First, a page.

Tall native grasses and Queen Anne's
Lace grow in the place William Dyer
describes in the deed, land that became
George Gardner's farm.

By the landmark descriptions, this part of Newport is now occupied by large, expensive homes with manicured grounds. When my friend Valerie drove me through the area on a tour, I noticed tall wild grasses (possibly spartina alterniflora, smooth cordgrass) with Queen Anne’s Lace and other flowers blooming along private drives. The native cordgrass would have been useful for thatching roofs. The soil is rocky, having been scraped by glaciers thousands of years ago. To the north is lovely green farmland with verdant trees. To the west is the estuary of Narragansett Bay. To the east is the Sakonnet River (actually a saltwater tidal body). And to the south is the Atlantic Ocean.
View of a pond to the right, and the Atlantic Ocean straight on,
from the guest room of my friend's home. This is less than a
mile from the land described in the deed. If you click to
enlarge the image, you'll see a wild rabbit by the fountain,
and frogs clinging to the wall underwater.

The transcription of the deed comes from my dear friend Jo Ann Butler, author of the historical fiction trilogy, Rebel Puritan. George Gardner and Herodias Long are Jo Ann’s ancestors. When I saw George’s name on the deed, I had to share it with her. To learn more about George and Herodias, visit the Rebel Puritan link and purchase Jo Ann's excellent books.








  
***************
I've purposely made the deed blurry
to protect the interests of the
Newport Historical Society, which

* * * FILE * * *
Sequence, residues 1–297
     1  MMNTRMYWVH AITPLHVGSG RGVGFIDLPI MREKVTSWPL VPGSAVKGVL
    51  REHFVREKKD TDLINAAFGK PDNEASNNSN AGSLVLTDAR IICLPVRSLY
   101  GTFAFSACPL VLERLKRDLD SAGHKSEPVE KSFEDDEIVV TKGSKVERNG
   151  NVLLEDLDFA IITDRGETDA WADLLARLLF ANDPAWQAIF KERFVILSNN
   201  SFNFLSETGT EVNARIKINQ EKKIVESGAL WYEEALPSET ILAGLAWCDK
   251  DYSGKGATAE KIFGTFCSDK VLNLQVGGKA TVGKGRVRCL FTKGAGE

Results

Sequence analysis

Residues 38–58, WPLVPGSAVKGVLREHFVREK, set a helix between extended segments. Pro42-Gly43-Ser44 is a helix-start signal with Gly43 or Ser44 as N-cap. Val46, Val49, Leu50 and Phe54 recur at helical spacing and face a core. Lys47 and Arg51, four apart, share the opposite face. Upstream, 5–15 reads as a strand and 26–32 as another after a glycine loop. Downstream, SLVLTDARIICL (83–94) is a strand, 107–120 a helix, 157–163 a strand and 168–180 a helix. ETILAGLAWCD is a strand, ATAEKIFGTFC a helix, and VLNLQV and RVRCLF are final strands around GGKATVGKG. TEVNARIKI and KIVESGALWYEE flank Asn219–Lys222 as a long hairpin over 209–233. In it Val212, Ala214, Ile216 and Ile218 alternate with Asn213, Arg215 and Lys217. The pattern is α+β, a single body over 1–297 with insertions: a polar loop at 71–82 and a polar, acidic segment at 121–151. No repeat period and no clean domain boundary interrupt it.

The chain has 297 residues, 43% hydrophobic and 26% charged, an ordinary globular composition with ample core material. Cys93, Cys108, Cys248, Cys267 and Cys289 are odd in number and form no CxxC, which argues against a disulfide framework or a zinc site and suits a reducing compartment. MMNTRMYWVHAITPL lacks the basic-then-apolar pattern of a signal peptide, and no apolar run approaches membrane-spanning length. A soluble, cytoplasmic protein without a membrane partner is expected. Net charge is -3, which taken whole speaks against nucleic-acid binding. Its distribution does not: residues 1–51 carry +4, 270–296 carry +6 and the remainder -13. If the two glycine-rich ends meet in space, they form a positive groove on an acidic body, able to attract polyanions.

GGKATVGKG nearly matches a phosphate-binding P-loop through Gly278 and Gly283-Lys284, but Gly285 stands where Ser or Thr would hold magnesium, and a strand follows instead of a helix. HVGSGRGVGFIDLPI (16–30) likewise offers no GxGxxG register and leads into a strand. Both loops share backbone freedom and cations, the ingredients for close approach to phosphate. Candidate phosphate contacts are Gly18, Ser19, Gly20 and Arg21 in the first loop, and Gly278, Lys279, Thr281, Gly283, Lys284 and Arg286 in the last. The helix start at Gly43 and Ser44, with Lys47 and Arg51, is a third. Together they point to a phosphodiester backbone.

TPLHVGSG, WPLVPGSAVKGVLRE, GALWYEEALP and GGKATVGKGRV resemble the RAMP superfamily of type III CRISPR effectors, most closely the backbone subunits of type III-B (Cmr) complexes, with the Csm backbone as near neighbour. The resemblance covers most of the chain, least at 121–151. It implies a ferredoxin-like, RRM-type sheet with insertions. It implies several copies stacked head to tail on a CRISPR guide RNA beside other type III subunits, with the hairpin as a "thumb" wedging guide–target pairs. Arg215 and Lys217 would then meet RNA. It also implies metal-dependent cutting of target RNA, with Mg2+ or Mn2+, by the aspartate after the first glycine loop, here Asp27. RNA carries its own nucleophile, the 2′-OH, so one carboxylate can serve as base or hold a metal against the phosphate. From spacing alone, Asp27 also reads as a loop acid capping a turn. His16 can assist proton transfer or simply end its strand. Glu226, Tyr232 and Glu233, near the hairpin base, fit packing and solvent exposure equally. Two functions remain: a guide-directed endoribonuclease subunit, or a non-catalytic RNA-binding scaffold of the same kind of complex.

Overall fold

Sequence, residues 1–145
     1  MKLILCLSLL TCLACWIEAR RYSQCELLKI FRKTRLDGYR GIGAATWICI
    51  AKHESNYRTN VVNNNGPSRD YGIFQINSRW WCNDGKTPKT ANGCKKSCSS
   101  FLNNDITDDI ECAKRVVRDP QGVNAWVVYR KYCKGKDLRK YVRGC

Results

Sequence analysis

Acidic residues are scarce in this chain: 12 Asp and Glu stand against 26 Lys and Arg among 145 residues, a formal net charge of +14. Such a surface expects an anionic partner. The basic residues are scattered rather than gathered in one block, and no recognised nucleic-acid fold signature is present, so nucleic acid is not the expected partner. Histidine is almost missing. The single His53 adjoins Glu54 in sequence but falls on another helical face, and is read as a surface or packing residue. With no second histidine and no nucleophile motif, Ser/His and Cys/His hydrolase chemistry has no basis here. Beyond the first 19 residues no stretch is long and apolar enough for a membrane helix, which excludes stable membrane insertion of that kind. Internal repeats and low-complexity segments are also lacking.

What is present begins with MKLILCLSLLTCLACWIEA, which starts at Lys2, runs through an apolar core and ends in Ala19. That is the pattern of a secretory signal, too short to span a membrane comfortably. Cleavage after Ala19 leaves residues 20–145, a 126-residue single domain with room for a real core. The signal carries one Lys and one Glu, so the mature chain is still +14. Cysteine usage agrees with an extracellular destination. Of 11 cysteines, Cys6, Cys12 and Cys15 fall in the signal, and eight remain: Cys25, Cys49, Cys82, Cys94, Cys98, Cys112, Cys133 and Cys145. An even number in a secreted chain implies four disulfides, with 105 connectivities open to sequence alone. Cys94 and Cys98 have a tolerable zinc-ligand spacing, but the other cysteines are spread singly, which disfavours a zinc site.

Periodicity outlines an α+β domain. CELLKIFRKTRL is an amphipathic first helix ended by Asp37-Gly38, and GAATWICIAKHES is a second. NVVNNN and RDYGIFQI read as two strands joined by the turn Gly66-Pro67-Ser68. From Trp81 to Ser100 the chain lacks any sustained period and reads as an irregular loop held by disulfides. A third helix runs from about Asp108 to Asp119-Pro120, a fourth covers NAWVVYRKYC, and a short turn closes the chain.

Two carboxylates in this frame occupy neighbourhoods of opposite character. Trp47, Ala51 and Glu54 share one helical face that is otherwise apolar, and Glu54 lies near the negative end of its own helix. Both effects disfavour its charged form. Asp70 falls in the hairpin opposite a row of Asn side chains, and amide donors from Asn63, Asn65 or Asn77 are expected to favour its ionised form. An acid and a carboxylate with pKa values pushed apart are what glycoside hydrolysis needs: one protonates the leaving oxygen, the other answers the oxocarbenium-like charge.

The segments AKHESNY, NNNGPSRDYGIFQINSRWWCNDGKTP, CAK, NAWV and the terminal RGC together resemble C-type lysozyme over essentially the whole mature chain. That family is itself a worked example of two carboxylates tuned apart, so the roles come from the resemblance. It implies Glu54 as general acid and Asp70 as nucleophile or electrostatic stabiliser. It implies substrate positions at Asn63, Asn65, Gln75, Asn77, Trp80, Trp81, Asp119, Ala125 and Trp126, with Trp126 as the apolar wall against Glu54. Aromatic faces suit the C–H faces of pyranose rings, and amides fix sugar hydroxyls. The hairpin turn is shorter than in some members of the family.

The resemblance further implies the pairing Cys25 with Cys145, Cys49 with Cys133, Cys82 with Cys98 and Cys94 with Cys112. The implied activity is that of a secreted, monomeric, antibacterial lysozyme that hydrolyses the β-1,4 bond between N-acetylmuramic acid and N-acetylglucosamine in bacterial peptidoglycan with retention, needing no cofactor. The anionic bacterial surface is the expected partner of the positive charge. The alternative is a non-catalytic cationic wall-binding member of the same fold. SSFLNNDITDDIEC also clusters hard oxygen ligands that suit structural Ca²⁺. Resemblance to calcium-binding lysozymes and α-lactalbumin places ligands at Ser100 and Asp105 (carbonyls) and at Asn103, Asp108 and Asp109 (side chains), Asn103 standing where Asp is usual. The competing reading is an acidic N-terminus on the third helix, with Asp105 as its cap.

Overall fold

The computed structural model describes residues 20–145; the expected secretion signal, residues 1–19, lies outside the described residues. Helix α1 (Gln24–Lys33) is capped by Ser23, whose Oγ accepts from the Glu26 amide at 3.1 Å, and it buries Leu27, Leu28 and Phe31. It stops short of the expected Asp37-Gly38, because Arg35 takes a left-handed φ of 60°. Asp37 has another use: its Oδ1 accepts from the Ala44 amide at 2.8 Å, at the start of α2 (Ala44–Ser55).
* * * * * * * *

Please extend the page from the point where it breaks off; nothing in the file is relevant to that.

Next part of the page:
charges a fee to scan documents.
But you can click to enlarge.

This prsent deed or writing made in the
[twentieth] yeare of the Raigne of Ye Soverigne
Lord Charles by the grace of God of England
Scotland ffrance & Ireland King wittnesseth yt
I William Dyre of Nuport in the Ile of Rhodes
having bought & purchased of Thomas Applegate
All ye singular the Land granted by the colonie
aforsd unto him for his accommodation of his granted Lott
and whereas ther was a neck of Land lying on the
South side of the sd Iland bounded on the South by
the present Ocean & on the East & North by a [Cone]
or pond & on the West by the Comon (towards Mr
Fosters farme) wch prcell of Land containing the
Number of four acres more or Less the said [will]
wch said neck was granted & Laid forth to the sd
Thomas as pt of his accommodation, & wch sd neck
of Land so butted & bounded the sd William hath
and doth by this presents for ever & sell unto Georg
Gardiner of Nuport aforsd for a valeuable consideration
given & [bargained] by on & th other upon wth
& the unsealling herof the sd Wiliam doth for him
self his heirs & executors administrators & assigns
surrender up to the sd George his heirs & exctors
administrators & assigns all right tittle & futour
that he did or might have enjoyed therein to the worlds
end for witness whereof the said William Dyre in
hath sett to his hand & Seale this present XX  day
of December Ano Domy 1644:
William Dyre

Sealed signed & [notice the darker paper by William's signature where the seal was]
Wthin the prsenc
of:
mary dire
Samuell X Dyre  [William Dyer signed Samuel's surname]

***************